Memory is a tricky thing. And remembering childhood one of the most difficult aspects of writing memoir. My childhood began in the Australian bush at a time when words like the bush myth and redneck politics were well in the future. Our lives, indeed most lives outside towns and cities, were lived simply, frugally, harshly. Transport was still by horse and cart, a ride on the mail truck, the odd sulky. Few people had cars. Houses were wooden shacks, furniture and fittings were rough and ready. There was no electricity connected although we were not living in an especially remote place. There was no sewerage, no running water, no soft carpets, no telephones, no local transport, no toothpaste or toothbrushes, no such things as shampoo and conditioner, no refrigeration, no shoes for children to wear, no toys, no books, no soft pillows. No one in my family talked about education as though it mattered. No one that I knew thought children might need special attention to their feelings, their emotions, that the needs of children might be highlighted in the daily rubicon of life. Very different to nowadays of course. There were parents and children who lived different lives in the bush of course; wealthier families whose children were sent to boarding schools and who planned different, more adventurous futures for them. There were also children who lived hidden lives and who had less wealth, less care and certainly less concern from governments or community; indigenous children, children with disabilities and children in institutional settings. It may well be that social reformers, were talking about the rights of the child by 1940 but in working class, country New South Wales such ideas had barely filtered down to touch the world of a child.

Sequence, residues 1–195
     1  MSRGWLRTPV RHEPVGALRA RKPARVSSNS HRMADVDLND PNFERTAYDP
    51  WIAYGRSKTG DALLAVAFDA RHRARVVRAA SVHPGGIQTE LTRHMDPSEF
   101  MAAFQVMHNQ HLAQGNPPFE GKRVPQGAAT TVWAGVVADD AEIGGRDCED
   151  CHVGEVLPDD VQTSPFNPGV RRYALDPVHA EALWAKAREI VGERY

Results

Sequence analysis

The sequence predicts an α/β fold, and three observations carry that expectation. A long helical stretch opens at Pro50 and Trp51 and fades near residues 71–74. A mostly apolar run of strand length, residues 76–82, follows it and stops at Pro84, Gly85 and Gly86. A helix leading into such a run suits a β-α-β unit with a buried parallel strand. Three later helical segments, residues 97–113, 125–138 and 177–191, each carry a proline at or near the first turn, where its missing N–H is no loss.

Ah, yes. Childhood. How to write about it now.
The Landscape of my Childhood